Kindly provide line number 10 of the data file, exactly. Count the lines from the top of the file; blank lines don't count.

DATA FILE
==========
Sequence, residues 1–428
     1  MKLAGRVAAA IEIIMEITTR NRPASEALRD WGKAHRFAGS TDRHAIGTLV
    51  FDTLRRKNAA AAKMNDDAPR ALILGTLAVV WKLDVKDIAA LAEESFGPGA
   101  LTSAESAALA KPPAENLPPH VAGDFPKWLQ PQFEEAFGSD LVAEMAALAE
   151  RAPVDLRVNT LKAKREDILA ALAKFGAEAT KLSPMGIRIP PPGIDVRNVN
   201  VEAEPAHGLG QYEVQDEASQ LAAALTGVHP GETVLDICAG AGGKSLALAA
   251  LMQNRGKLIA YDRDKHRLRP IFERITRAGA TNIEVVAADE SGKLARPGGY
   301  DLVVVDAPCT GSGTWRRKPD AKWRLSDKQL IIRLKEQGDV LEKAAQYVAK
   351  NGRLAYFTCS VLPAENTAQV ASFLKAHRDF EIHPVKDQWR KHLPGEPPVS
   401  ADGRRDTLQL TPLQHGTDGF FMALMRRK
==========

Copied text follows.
   401  ADGRRDTLQL TPLQHGTDGF FMALMRRK